The passages below are from final chapters where Rovelli focuses on the nature of mind and consciousness in light of quantum physics.
Rovelli's take on this subject is very much in line with a post I wrote in 2018, "Awareness is a process, not a thing."
Consciousness isn't a thing. It is a process. Thinking of it as a thing makes us wonder what kind of a thing it is, whereas we should be asking, what sorts of processes and interactions give rise to consciousness?
Hope you enjoy these words from Rovelli as much as I do.
If the fine grain of the world is made of material particles that have just mass and motion, it seems difficult to reconstruct our perceiving and thinking complexity from this amorphous grain.
But if the fine grain of the world is better described in terms of relations, if nothing has intrinsic properties except in relation to other things, perhaps in this physics we can better find elements able to combine in a comprehensible way, to be the basis of those complex phenomena that we call our perceptions and our consciousness.
If the physical world is woven from the subtle interplay of images in mirrors reflected in other mirrors, without the metaphysical foundation of a material substance, perhaps it becomes easier to recognize ourselves as part of that whole.
...But there is no need to attribute photo-consciousness to elementary systems in order to get around a frozen "simple matter." It is enough to have observed how the world is better described by relative variables and their correlations.
This allows us to be released from the prison of a blunt opposition between the objectivity of matter and mental life. The rigid distinction between a mental world and a physical one fades. It is possible to think of both mental and physical phenomena as natural phenomena: both products of interactions between parts of the physical world.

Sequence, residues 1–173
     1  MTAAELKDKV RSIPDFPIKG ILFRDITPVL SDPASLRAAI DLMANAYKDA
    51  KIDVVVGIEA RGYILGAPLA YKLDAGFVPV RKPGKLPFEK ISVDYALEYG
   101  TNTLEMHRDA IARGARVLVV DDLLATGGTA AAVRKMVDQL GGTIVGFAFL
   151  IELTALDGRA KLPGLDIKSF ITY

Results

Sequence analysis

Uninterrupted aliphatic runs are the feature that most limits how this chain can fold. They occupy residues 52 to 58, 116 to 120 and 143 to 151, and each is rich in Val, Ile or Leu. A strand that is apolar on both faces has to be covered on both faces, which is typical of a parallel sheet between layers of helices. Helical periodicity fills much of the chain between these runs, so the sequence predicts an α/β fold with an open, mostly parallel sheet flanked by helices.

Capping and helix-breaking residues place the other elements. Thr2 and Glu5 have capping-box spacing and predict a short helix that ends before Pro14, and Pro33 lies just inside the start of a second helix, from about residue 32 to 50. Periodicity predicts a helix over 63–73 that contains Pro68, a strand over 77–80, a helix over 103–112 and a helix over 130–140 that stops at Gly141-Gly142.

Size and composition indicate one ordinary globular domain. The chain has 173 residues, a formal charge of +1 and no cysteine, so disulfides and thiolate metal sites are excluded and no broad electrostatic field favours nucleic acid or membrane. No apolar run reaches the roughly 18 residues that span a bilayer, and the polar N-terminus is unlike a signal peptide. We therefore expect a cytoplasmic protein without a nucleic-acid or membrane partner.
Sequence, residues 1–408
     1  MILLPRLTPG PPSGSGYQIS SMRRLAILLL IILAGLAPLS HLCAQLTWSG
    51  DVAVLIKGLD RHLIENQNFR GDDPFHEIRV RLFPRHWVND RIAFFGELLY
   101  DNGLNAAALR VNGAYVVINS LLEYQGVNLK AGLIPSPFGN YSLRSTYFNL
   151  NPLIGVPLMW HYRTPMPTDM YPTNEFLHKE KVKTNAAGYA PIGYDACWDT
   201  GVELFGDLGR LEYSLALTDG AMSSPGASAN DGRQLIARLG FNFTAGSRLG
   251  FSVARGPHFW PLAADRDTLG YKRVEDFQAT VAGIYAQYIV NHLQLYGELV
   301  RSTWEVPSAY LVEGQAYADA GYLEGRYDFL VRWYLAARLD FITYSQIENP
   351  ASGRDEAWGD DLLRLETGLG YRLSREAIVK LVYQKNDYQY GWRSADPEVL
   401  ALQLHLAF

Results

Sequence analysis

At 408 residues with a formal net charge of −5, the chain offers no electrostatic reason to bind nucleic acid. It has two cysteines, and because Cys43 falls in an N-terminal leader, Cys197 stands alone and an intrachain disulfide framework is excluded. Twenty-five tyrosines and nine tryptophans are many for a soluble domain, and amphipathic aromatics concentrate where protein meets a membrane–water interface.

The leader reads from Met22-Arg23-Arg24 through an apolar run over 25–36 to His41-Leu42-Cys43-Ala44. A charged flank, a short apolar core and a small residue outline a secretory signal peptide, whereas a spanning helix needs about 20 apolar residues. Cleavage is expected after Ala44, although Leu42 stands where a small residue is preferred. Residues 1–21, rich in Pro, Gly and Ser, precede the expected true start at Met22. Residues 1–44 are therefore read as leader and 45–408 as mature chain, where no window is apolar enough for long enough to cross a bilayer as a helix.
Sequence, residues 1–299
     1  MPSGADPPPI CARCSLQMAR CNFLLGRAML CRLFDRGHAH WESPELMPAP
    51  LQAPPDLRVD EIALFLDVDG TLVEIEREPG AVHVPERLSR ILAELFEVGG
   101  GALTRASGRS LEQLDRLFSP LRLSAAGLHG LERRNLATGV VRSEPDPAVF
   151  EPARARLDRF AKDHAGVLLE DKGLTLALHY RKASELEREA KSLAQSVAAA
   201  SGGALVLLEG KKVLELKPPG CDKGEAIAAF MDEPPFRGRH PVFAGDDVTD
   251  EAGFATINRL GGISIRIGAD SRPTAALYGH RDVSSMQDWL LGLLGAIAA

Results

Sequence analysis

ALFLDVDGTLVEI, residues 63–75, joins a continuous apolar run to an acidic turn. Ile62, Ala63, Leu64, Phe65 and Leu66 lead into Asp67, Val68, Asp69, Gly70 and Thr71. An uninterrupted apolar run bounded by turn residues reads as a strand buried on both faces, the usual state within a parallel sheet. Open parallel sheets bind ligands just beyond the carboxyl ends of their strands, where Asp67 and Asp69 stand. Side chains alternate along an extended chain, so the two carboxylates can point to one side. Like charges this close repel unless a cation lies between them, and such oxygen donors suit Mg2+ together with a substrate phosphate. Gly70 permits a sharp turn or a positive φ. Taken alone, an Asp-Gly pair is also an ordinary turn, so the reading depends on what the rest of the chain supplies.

...If the world consists of relations, then no description is from outside it. The descriptions of the world are, in the ultimate analysis, all from inside. They are all in the first person.
Our perspective on the world, our point of view, being situated inside the world (our "situated self," as Jenann Ismael beautifully puts it), is not special: it rests on the same logic on which quantum physics, hence all of physics, is based.
If we imagine the totality of things, we are imagining being outside the universe, looking at it from out there. But there is no "outside" to the totality of things. The external point of view is a point of view that does not exist. Every description of the world is from inside it.
The externally observed world does not exist; what exists are only internal perspectives on the world which are partial and reflect one another. This world is this reciprocal reflection of perspectives.
...I think that when we wonder about the relationship between the "I" and "matter," we are using two concepts that are both confused and misleading, and this is the origin of the confusion surrounding the questions about the nature of consciousness.